In the wake of the 26th Police District’s handling of the act of vigilantism shown by a group of mostly white men in Fishtown armed with baseball bats last week, residents and neighborhood groups in the neighborhood and surrounding area have cast doubt upon the police district’s ability to allow them to feel safe in their community.
The Fishtown Neighbors Association and Northern Liberties Neighbors Association have issued statements about the incident, both of which criticized the district’s handling of the situation.
“The failure of the 26th District police to disperse the crowd of over three dozen individuals —many of whom were wielding bats, hammers, and other weapons—after the Mayor’s 6 pm curfew went into effect led directly to the assault of the press along with two other attendees,” the FNA wrote in a statement released on Tuesday. “The events that took place on Monday night left many of our neighbors and their children feeling unsafe in their homes and community. We will have a long way to go to reestablish this trust and continue in the positive direction we were headed prior to Monday’s incredibly disappointing events.”
A statement released by the NLNA on Thursday echoed the sentiment of the FNA’s letter.
“[W]e feel it is our duty to speak out against the deeply disturbing events that occurred on Monday night, June 1,” read the statement, which was signed by NLNA president Claire Adler. “On that night, the 26th District police failed to disperse a group of several dozen men armed with baseball bats, hammers, and other weapons, spouting racist and homophobic rhetoric. The police permitted the group to menace and attack our neighbors and members of the press. We strongly condemn the 26th District’s inaction and condoning of this behavior on Monday.”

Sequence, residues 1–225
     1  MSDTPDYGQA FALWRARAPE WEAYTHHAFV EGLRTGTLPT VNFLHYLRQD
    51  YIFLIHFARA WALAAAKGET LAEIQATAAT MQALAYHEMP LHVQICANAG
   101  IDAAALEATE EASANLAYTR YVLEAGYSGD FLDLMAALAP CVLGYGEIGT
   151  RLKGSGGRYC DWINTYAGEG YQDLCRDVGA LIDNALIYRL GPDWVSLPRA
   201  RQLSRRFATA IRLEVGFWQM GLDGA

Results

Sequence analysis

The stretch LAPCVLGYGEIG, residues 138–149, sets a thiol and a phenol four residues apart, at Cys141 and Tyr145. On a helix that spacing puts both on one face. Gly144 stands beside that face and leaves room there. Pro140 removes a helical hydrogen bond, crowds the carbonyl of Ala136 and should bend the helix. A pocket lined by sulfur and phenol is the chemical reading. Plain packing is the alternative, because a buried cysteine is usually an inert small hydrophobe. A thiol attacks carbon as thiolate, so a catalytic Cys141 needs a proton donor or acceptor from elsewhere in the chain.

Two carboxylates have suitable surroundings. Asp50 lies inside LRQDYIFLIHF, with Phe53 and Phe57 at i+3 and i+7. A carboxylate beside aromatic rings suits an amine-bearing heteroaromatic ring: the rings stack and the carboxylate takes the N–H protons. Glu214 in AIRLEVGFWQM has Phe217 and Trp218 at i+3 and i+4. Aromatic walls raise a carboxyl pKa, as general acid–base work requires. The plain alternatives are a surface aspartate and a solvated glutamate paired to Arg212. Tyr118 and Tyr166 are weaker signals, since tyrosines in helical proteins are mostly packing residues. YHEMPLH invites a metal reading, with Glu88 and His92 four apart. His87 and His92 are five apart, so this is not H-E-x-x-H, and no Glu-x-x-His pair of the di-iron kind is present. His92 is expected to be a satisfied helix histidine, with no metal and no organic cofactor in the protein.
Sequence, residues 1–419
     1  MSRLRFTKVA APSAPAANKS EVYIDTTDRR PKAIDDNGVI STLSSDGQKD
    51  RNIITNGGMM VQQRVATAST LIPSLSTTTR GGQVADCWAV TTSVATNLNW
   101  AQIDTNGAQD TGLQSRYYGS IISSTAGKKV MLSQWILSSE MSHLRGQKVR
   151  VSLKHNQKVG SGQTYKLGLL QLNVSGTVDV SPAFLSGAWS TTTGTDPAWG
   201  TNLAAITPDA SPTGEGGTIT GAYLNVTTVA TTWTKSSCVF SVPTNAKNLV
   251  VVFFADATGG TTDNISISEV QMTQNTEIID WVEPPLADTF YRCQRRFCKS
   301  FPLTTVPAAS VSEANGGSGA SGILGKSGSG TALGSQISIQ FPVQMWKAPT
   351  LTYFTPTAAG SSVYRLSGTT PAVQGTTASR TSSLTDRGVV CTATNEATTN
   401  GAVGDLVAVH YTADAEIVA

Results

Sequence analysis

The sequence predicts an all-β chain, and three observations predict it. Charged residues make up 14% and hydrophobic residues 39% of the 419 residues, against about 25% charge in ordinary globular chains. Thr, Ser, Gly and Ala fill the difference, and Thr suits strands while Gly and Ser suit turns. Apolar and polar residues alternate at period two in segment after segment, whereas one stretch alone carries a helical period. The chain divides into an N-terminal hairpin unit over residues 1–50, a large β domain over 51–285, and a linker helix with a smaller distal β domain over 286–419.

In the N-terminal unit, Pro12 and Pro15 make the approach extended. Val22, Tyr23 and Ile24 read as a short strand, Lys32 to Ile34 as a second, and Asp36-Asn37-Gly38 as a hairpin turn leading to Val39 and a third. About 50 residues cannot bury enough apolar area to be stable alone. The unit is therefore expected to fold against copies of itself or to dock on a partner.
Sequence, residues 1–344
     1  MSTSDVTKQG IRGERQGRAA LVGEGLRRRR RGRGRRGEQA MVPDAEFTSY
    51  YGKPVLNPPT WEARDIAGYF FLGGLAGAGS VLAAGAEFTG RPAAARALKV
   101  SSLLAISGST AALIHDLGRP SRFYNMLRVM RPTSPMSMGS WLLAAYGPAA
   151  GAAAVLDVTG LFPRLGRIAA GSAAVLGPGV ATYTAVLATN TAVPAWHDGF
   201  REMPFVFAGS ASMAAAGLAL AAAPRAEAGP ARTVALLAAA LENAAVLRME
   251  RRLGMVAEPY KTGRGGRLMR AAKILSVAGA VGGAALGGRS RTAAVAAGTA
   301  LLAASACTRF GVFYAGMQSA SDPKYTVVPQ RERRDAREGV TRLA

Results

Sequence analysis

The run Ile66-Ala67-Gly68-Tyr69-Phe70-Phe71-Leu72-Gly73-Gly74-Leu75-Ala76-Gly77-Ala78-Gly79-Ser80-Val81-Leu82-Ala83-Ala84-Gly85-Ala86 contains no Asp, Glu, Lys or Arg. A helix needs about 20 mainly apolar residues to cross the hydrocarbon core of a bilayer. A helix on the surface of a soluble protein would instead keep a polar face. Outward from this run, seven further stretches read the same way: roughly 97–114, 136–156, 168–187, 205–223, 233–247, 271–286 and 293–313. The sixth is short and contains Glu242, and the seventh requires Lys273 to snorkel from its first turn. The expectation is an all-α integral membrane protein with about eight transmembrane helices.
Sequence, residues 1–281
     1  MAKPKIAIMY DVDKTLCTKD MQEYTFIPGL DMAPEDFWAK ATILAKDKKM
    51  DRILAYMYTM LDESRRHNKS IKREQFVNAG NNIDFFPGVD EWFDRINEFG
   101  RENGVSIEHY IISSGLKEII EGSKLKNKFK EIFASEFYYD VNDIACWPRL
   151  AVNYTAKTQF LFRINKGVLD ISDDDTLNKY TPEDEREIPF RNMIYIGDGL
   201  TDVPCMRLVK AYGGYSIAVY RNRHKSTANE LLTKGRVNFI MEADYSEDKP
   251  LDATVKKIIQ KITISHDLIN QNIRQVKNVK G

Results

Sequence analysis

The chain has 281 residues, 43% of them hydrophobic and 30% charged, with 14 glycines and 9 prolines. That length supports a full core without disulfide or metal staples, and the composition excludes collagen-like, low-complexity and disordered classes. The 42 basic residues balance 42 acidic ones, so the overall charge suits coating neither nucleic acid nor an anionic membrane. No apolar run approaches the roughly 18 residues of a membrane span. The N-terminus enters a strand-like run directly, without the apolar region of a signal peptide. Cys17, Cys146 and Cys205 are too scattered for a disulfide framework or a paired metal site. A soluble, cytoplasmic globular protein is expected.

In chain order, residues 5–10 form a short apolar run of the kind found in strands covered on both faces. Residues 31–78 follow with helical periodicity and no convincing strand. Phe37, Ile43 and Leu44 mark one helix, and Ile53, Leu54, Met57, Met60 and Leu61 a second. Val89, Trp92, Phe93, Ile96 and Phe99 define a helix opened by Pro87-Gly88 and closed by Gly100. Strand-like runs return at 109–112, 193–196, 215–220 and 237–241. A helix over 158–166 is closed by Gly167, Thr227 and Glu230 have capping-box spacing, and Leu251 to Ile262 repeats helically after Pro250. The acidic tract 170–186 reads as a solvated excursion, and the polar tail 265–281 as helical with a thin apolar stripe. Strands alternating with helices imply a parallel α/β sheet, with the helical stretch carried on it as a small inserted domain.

Since the incident, a petition has been created to have the 26th district’s captain, William Fisher, “immediately removed” from power. The petition alleges that Fisher “knew about the vigilante mob, encouraged, enabled, and protected them.” At this time of writing, more than 30,000 people have signed the petition.
On Wednesday evening, Black Lives Matter protesters marched through Fishtown and many expressed their displeasure with how the police district handled the baseball bat-wielding group.
“He blatantly allowed white men to patrol the neighborhood with bats while peaceful protesters are being gassed across the city,” said a Fishtown resident named Tyler who declined to give her last name. “In a situation like this, no, I don’t feel like you can feel safe at all with the police right now.”
Another Fishtown resident named John, who also declined to give a last name, was one of the people protesting Monday night. He said that his roommate, whom he came with, was hit by an SUV driven by one of the people with bats. John told the Star that when he and his roommate told the police about the incident moments after it happened, they refused to act.
“That SUV was parked a block away from where we were when we were telling the police what happened,” he said. “They didn’t f—— do anything.”
John said the lack of action on behalf of the police made him feel unsafe.